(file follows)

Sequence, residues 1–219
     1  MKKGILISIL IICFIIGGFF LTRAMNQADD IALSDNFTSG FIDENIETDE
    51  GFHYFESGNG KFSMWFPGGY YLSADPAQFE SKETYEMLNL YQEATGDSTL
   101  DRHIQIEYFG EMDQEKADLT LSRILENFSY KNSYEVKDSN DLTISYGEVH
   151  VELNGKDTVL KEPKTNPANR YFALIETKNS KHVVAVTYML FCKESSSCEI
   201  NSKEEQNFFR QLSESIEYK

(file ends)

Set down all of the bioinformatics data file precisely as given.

Sequence, residues 1–219
     1  MKKGILISIL IICFIIGGFF LTRAMNQADD IALSDNFTSG FIDENIETDE
    51  GFHYFESGNG KFSMWFPGGY YLSADPAQFE SKETYEMLNL YQEATGDSTL
   101  DRHIQIEYFG EMDQEKADLT LSRILENFSY KNSYEVKDSN DLTISYGEVH
   151  VELNGKDTVL KEPKTNPANR YFALIETKNS KHVVAVTYML FCKESSSCEI
   201  NSKEEQNFFR QLSESIEYK